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NORWICH BULLETIN, SATURDAY MAY, 12, 1917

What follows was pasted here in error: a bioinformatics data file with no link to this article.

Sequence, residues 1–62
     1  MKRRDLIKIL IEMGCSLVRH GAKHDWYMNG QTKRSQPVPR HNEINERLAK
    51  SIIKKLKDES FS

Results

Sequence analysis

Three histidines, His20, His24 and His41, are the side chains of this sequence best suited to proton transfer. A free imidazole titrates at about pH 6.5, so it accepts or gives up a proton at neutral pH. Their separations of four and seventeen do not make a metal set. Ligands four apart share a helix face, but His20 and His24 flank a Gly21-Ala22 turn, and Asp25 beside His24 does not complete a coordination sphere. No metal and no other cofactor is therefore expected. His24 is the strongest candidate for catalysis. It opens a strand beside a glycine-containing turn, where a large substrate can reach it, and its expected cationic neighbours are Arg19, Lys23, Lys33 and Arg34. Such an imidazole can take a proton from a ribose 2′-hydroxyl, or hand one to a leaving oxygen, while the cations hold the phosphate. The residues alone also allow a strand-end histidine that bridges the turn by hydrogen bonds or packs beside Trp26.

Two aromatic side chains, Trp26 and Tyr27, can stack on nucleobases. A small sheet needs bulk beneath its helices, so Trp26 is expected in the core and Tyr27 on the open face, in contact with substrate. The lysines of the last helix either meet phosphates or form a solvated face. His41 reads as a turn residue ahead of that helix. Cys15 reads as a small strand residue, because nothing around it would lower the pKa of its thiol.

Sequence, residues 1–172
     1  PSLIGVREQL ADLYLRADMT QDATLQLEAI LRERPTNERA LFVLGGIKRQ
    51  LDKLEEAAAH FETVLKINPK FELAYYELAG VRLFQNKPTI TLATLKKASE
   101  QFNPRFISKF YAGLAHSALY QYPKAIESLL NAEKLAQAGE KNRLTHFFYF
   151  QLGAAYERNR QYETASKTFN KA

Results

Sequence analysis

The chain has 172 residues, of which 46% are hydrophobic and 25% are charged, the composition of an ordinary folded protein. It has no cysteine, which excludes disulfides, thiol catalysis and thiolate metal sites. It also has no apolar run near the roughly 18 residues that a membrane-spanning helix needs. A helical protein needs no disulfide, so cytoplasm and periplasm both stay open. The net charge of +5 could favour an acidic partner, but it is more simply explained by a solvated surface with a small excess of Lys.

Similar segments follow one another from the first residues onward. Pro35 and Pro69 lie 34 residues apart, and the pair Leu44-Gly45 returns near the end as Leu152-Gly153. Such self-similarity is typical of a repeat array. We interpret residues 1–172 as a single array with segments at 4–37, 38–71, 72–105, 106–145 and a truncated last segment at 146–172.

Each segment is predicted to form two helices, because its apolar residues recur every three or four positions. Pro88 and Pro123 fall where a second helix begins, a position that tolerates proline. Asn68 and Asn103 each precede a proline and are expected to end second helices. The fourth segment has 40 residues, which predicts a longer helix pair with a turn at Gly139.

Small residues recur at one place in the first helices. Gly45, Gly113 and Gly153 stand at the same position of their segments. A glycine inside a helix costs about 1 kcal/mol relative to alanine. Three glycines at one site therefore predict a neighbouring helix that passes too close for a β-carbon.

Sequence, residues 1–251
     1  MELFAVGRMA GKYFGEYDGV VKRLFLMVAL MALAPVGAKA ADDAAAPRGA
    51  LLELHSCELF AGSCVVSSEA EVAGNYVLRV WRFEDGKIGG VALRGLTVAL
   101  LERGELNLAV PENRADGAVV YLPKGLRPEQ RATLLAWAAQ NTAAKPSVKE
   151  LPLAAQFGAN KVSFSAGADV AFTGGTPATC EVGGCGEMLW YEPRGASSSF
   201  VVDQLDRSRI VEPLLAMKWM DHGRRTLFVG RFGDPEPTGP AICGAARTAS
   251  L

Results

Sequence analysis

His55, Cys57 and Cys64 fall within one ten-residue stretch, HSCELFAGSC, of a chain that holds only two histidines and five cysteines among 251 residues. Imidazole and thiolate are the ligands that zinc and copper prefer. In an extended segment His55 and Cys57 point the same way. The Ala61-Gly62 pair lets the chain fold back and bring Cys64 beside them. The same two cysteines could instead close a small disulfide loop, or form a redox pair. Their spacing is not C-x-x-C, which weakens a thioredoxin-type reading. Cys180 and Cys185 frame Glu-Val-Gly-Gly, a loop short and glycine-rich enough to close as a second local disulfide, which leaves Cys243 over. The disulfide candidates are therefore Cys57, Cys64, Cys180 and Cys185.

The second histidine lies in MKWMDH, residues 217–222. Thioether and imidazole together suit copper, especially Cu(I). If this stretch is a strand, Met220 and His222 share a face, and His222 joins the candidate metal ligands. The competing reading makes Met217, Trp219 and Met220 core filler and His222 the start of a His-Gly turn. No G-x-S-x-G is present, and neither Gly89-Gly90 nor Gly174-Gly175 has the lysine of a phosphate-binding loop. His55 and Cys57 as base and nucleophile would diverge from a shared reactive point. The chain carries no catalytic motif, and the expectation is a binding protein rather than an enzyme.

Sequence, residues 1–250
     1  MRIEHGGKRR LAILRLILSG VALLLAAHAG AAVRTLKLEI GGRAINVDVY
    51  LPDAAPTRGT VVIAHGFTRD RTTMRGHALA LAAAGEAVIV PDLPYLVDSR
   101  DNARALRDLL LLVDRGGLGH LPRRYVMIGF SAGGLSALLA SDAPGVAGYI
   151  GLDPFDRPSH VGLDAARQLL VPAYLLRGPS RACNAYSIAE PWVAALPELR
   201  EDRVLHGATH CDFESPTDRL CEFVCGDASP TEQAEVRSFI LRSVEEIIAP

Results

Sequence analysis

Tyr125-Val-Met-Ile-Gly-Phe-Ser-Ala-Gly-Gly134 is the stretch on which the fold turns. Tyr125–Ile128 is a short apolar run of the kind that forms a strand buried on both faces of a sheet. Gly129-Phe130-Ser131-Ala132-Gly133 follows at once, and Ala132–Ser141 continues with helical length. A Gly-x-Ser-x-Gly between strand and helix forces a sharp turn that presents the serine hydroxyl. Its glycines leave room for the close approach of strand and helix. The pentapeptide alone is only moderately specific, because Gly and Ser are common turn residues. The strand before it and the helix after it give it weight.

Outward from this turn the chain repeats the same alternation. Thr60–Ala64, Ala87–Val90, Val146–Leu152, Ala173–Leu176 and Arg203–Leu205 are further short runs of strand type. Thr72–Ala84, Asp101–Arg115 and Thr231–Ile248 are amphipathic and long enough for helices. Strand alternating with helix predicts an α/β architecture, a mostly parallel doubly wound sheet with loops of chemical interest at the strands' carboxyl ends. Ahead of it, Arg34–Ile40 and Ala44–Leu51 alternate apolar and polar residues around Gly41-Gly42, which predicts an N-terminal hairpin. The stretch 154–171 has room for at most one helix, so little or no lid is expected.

7 MANY ALIENS FOR NATDRALIZAIP Total of 107 Will Appear Before Examiner on the Fifth of June British Subjects I Head Lis! Wiih Th&ty-two Names Russians Number 22 and. Italians 21. There are a total of 107 names on the naturalization court- docket for the session to be held In this city-on the fifth of June with Judge William S. Case on the bench. Nineteen . of the petitions are continued from : the last session and the remaining 8$ are new. British subjects lead all others, there being a total of 32 names of pe titioners claiming- Great Britain as their birthplace. Russians have sec ond place, there being 22 names of Russian natives on the list and third place Is held by Italians who number twenty-one. The continued cases have been held over for various reasons such as non-appearance, for original wit nesses, for, depositions and for study. ; The . countries represented and the number of subjects from each country on the docket are as follows: Grea.t Britain, 32; Russia 22; Italy, 21 ; . Ger many, 9; Austria," . 5 ; Greece, 3; ' Nor way, 2; - Turkey, 2; '. Deri mark, 2; Sweden, 3; France, " 1 ; Por tugal, 4; Holland, 1.' These petition ers have already received their first papers and If they pass the examina tions at the session of the court on June 5 they will be granted their sec ond papers and admitted as citizens. N. F. A. Ct-ASS OF ;. . . PUN FIRST REUNION Committees Have Been Appointed and Data -Set for June 23, Preliminary- arrangements . were made by members of the K. .T. A. class of 1912 for their first- reunion, at a meeting- held Friday evening at the home of the class secretary, Miss Bertha F. Hutzler. - - - As the president of the. class, John F. McCormick, was unable to be pres ent he appointed by letter Robert O. Fletcher as general chairman of the reunion plans. It was decided to hold the reunion on June 2'3 and the follow, lng committees were, appointed to make the necessary' arrangements: Supper committee, Myies Emerson Standish, chairman. Miss -VHlette" M. Peck, Miss Ethel Carpenter, Earle W. Stamm, Frederick F. Manning; invita tion committee, Joseph CBroadhurst, chairman. Miss Adeline A. Coughlin, Miss Elizabeth E. Kingberger, John, Curry, Harold S. Burt: entertainment committee. Robert O. Fletcher, chair man. Miss Bertha F. Hutzler. Miss Helen E. Boynton and Albert H. Ge ls rath. BACKWARD SEASON AFFECTS EGG LAYING CONTEST. Barred Rocks of Brookfield Center Led the Flock, for the Past Week. Foreclosure Action Withdrawn. The foreclosure action brougfft against Kalman Berman, et al., by the Jewish Agricultural and Industrial Aid Society has been withdrawn from the docket of the superior court. THE CHIEF CHARM OF LOVELY WOMAN Soft, Clear, Smooth Skin Comas With The Use Of "FRUIT-A-TIVES". V,.1 5 V X NORAH WATSON 86 Drayton Ave., Toronto, Nov. 10th, 1915. A beautiful complexion is a handsoma woman's chief glory and the envy of her Jess fortunate rivals. Yet a soft, clear skin glowing with health is only tha natural result of pure Blood. "I was troubled for a considerable time with a very -unpleasant, disfiguring Hash, which covered my face and for which I used applications and remedies without relief. After using " Fruit-a-tives " for one week, the rash is com pletely gone. I am deeply.thankful for the relief and in the future, I will not be without "Fruit-a-tives". NORAH WATSON. 50c. a box, 6 for $2.50, trial size, 25c. " The hens in the laying contest at Storrs have begun their second half year." The total yield in the 27th weak amounted to 31So3, not as many eggs as were laid in the corresponding pe riod last year, but the season has been backward and in consequence " the hens are about two weeks late in get ting out into the grass runs. This change will undoubtedly make for more enap and will mean more eggs during the next few weeks. Merritt M.- Clarke's Barred Rocks from Brookfield Center, Conn., were first for the week with a yield of 52 eggs, and Koshaw Farm's White Leg horns from Granby, Conn., were a close second with a yield of 51 eggs. Three pens of Rhode Island Reds entered by Pequot Poultry 'Farm, Southport, Conn., A. Allan, ,Jr., Newport, R. I., Glenview Poultry . Farm, Rockville, Conn., and two pens of Connecticut White Leghorns entered by Y.r M. Peasley of Cheshire and Hilltop Poul try Farm of Suffield. all tied for third place with 49 eggs each. Last week it was suggested that the pou-Itrymen ought now to plan for mangel beets to provide his next win ter's supply of succulent food for the hens, when the probable retail price of eggs will probably exceed $1 a dozen, but beets alone will not of course be sufficient. In many cases a part of one's grain supply may well be grown at home. Perhaps never before have there been better prospects for greater returns on land, planted to corn. It will be a poor acre that does not yield a ton of the cereal that is now worth $60. Incidentally the chicken man can use the cornstalks as litter in the poultry houses. The three best pens in each of the principal varieties ar eas follows: Barred Plymouth Rocks. Pen , ,'- . ... ... .: 6 Fairfields" Poultry Farms, Short Hills, -N. . .......... . . . . 1033 - 1 Merrit M. Clark, - Brookfield - Center; Conn. ; . . : . . . .'. . . 8S2 4 Jules F. Francais..West Hamp ton Beach, L. 1 817 White Wyandottes. IS Merrythought Farm, Columbia, Conn 993 20 Obed G. Knight, , Bridgeton, R. I . .. : 906 15 A. L. Mulloy, Waterbury, Conn. 881 Rhode Island Reds. : 47 Allan's Hard to . Beat Reds, Newport. R. I.; 1001 50 Jacob E.Jansen.. North, Haven;. Conn ... ....... . , . ... . ,.. . . . 978 43 George W. Harris, Westport, Conn. . 972 White Leghorns. 73 A. P. Robinson; CalVerton, N. T 1155 60 J. O. LeFevre, New Paltz, N. Y 1011 80 Hilltop Poultry Yards, Suffield, Conn. ........ ; 99S Miscellaneous. 54 Obed G. Knight (White Orping tons), Bridgeton, R. I.. 938 10 Holliston Hill Poultry Farm (White Rocks), Holliston Hill, Mass. .....1 ;.. 905 31 Cloyes & Sullivan (Buff Wyan dottes), Hartford, Conn. . . . . 89-8 Extra Special! ; 50 pieces, ef fior mandy Val . Laces, Edgings and Bands, 1 to 6 inches wide Special price today, 10c. a yrd, " Cub ML; m One lot of Women's and Misses' Wool Sweaters odd aizes and eol oringa Special price $3.50, regular value up to $7.50. iraitt 3 il,L IT en s, women s and Children's Every line of Apfarel will be at its best today with many special reductions in seasonable apparel that sKouId iifterest all who would trade with economy i New London Archdeaconry. The New Iondon Archdeaconry met in Christ- church on Tuesday after noon. Archdeacon J. Eldred Brown was celebrant of holy communion at 11 o'clock, assisted by Rev. R. R. Gra ham. The Parish Aid of Christ church served luncheon at 12.30. The business meeting opened at 2 o'clock and Rev. Charies J. Harriman was elected secretary to fill the vacancy caused by the resignation of Rev. C. L. Adams of Willimantic. A schedule of -appropriations for the At dealers or sent by Fruit-a-tives. f.ominS ea-r was a dbpted and resolu- Limited, Ogdensburg, New York. IHEfm is no advertising medium in Kaftern Connecticut aoual to The Bul ifi'i ; c.i htsinss results. tions or condolence were passed re garding the death of Rev. J. II. Fitz gerald, for many years rector at He bron and Colchester., Resolutions of regret were passed on the withdrawals IME SPRING CLEANING T IS NOW HERE! LET US HELP YOU WITH SUGGESTIONS AS TO PROPER ' We have a most wonderful line to choose from and can replenish any of your worn' out pieces . of furniture or can furnish a complete home with a small amount of money considering the quality and workmanship you get when you buy " of us. We invite you to come in and have our salesmen show you the very latest high grade ' ' Furniture. Estate of M. Hourigan 62-66 Main Street Norwich Ji Finn's Block Jewett City In our Spring showing of Suits for men and young men, you will find every au thentic model, fabric and. coloring in hundreds of Suits in- every size for ALL men, whether regular, stout, slim, tall, short or extra size. Prominent in our Spring show- ing is . ' .... - . v: ' STEIN-BL0CH SMART CLOTHES in all the . newest models and most fashionable colorings Stein-Bloch Suits, $20.00 to $30. Stein-Bloch Top Coats, $22.50 to $30. MEN'S SPRING SUITS Men's and Young Men's Spring Suits, in all tha lat est models and newest colorings,' $15.00 to $25.00. BLACK AND NAVY SUITS We specialize in Men's Black and Navy Suits, stylish models, guaranteed fabrics and absolutely fast colors, $15X0 to $30.00. MEN'S TOP COATS Men's , and Young Men's Spring Weight Top Coats, in all the fashionable styles and splendidly tailored, $16.50 to $25.00. MEN'S CUSTOM TAILORING We are agents for the Royal Tailors and men who want something distinctive should look over our showing of fabrics. Suit or Top Coats built to your .'individual measures from guaranteed wool fabrics, and at moderate prices. MEN'S SPRING SHIRTS Men's and Boys'- Shirts for Spring. A complete line, including such well-known makes 'as Eagle, Imperial, Artistic and Arrow brands. We show the celebrated ' Eagle" Shirts at $1.25 to $3.50. ; MEN'S TRIANGLE COLLARS We are local agents for the celebrated "Triangle" Collars in every fashionable shape. Once a wearer of '-Triangle" Collars and you'll wear no other. MEN'S SPRING UNDERWEAR We make a complete showing of every good kind of Men's Underwear. We show Lawrence and Roxford Underwear and Munsifig Perfect Fitting Union Suits. Also Varsity, B. V. D, Olus and Rocking Chair Nain sook Garments at 50c to $2.00. :ukk-aiei. in NOW IN PROGRESS AND AT ITS BEST TODAY The Special Sale of Women's Suits Every Suit Offered is This Season's Make and Model SUITS AT $15.00 At this price we offer six very attractive models from our reg ulr stock of Suits that sold at $18.50, $20.00 and $22.50 all at $15.00; and every Suit a decided bargain. SUITS AT $19.50 At this price we offer a choice of all our Novelty Suits that were $25.00. Color are tan, gold, green and checks very special value at $19.50. SUITS AT $27.50 Exactly 18 High-grade Suits that will appeal to women that wish to be smartly dressed: 12 Suits that were $32.50. 4 Suits that were $35.00. (size 18, rose), was 1 Suit $37.50. 1 Suit $45.00. A, selection of these eighteen Suits at $27.50. (size 38, navy), was v- & p MEN'S SPRING HOSIERY Our showing of Men's Hosiery for Spring includes all the staple and new shades in silk, silk plaited and cotton. We feature particularly Phoenix, Onyx, Ever wear and Notaseam brands price range 30c to $1X0 a pair. v SELECT YOUR SPRING COAT FROM OUR BIG ASSORT MENT " AND AT OUR SPECIAL PRICES There is a Coat here, in style, color, material and price to suit every call and demand. - All our High-grade Coats some handsome models in gold and green velour all at $25.00 each, were $30.00, $32-50 and $35.00. Very special Coat value newest models and most fashionable color ings at $15.00, value up to $19.50. Children's Coats, sizes 6 to 14 years a choice of our entire line at $5.00, former prices up to $8.98. BOYS' WEAR-Special Values for Today Extra good values in Boys' Straw Hats, all the desirable shapes, at 59c, 95c and $1.25. Boys' Sweaters, sizes 6 to 12, in red, gray and navy Special price $2.79, value $3.50. Boys' Khaki Trousers, sizes 8 to 16, excellent quality and well made, at 69c, 98c and $1.25. Boys' Washable Suits, sizes 3 to 8, a splendid assortment to select from, at 98c, $1.50, $2.00, $2.49 and $2.95. Boys' Norfolk Suits, stylish mixtures and navy , serge, sizes 9 to 17 Special price $10.00, regular value $12.00. The Porteous & Mitchell Co. Women's Sport Skirts, a few very pretty Plaids in chic models Special price $12.50, former prices $14.50 and $15.00. Women's Wash. Skirts the largest and best assortment we have ever f shown price range $2.50 to $5.98. y n Remarkable Millinery Values for Today Recent purchases enable us to offer these extraordi nary values in Millinery. Children's Trimmed Hats, in all the newest shapes and colorings three special lots at 93c, $1.98 and $2.98, value up to $5.00. Women's Trimmed Street Wear Hats, in Java and Milan Hemp two very spec ial lots at $1.98 .and $2.98, value up to $5.00. Panamas and Leghorn Shapes, untrimmed, all the wanted models, and at very special prices. Women's Dress Hats, new shapes and new ideas in trimming. Some exceptional values at $1.98, $2.98 and $3.98. from the Archdeaconry of Rev.' James H. George, Jr.. Rev. P. E. Erwin, Rev, C. L. Adams and Rev. A. P. Knell. , Archdeacon Brown made a general report of his year's work. WHY SHE HAD PATIE.NCE -"Perhaps they will improve after they have been here a while," said the hostess mildly. "People from, the country are likely to be a little un used to city ways at first, but they are like the rest of us at heart, my dear, really." ; "The woman who had run in to un bosom herself concerning- her new neighbors opened her eyes. She had expected that her tale of grief over chickens on the lawn, crowing rooster and other annoyances would elicit reater sympathy. ,"I hope so," she said. "Did I ever tell you of the summer I 'fepent with my mother in the coun try?" asked the hostess. Without waiting for reply ehe hur ried on; "It was years ago, even be fore I was married. Mother had been in very poor health for some months. The noise and hurry of the city upset her and the doctor advised absolute rest and Quiet for a while. ' As may brother had Just accepted an old farm as part payment of a debt, we decided to try living on it. "He went ahead to get a hired man who should look after the place and clean it up. and then my brother in stalled us there. As soon as we were settled he left for the cKy. "I did all the housework, and the man John, his name was did the outside work and all the chores. As we had a cow, chickens, a horse, dog, several cats and some pigs, there was plenty for him to do. He was really a very good workman, but still he an noyed me dreadfully. No matter what I said to him he always answered, 'Wal, I reckon I kin.' He draweld it cut in a way that struck me as very impertient. "One day this answer upset me. I told him I shouldn't care for his ser vices any longer. Furthermore, that I hoped he could pack up his things and get out immediately, as I wished to put some one else in his room. My anger didn't disturb him in the least, and he replied as usual: 'Wal, I reck on I kin.'. . ' "I had him hitch up the horse and I started for the village. I hadn't the least notion where to go to find a new man, but decided to inquire -at the postoffice. I drove a long way that afternoon and had my labor for my pains. I found nobody who suited. "Dusk had fallen upon the land be fore that horse and I were half way 1 home. The - lanterns were lighted in the barns we . passed. The milkin. was in progress. "By this time I was fully aware of being a fool. . If only I could get hold of that hired' man John, with his drawl and all, what a blessing it would be! "When I reached our farm the place was in total darkness except for a small spot , illuminated . by the light from my mother's window. Gip, our dog. ran to meet me. and leaped up and barked joyfully as if he had been deserted for days. The cow, which had come up to the barn, began to low. The pigs in the orchard moved restlessly and grunted. Everything wanted attention, and there was no one to give any. "I was helpless. Why, I couldn't even unhitch the horse, much less get him into a stall! Terror seized me. Suppose I couldn't get any help for days! -The horse would starve, and we should be trapped there! "Moreover, if I did succeed in un- hitchimr the horse I , could never har ness him up again.. These and other possibilities flashed through my mind. I shook with ' fear and in despair. Like a heroine in an old fashioned melodrama, I . opened my lips and cried: 'Oh, what shall I do? What shall I do? Who'll, do the chores, to night? These, .of course, were rhe torical questions, because I hadn't ex pected an answer. However, from a haystack. I heard a rustling, then a very sleepy, .but well, known and most1 announced. 'Wal, welcome voice reckon I kin.' "John had foreseen my probable difficulty and hadn't wished to leave me to my Just deserts. If he had be lieved me able to procure other help doubtless he would have slipped off unobserved. 1 1 then added, '.Now, that's whv I u v I let's be patient." The guest mid. its a good reason," she said. K-change. "From that moment I had a differ ent feeling toward him. His slow ness of speech, his oddity of manner, instead of irritating me, gave me a feeling of confidence. When he said he could do a thing he could always do it, even if it took him some time to make up his mind. ' "When my mother and I decided to return to the city . my greatest prob lem was what to do with John. I wished to keep him with me. Fin ally mother suggested that I use him as my chauffeur. Only the great in terest I had in him could have pos sibly made me consider such a pro ceeding. However, we tried it. He was a splenawi success, xntuvtnveiy he seemed to guess just what to do. The life an town agreed with him. Soon he was offered a position in a garage. Later he becarne manager. then owner. To-day John is one of the biggest automobile manufacturers in the county, and I'm proud to claim him as my husband. The mild mannered hostess paused, letting this fact soak into the bewild ered mind of her guest who had com plained of her rustic neighbors and BREAD FROM BUDS OF LIME AND BEACH TREES Said to Be the Latest Promise of Ger man Scientists. Berlin, May 11. Kread made from the spring buds of lime and bech trees, is the latest promise of German scientists. Two brothers named Uran co have perfected the process of pro ducing a flour from this source, with considerable quantities of fat and an imal fodder as by-products. Thev es timate that about 500.000 tons of thw new flour . can be produced annually In Germany. The flour is said to have the same nutritive value as bar ley. t The Imperial Corn office is skeptical as to the value of the invention, de claring that the harvesting of the buds and the preparation of the flour in volve such an expenditure f man power and money that it hardly seems likely the invention can be exploited at present. Turning the handle of a new elec tric water heater for bathrooms on way permits hot water to flow and turning it in the other direction ob tains cold water. . ' ' .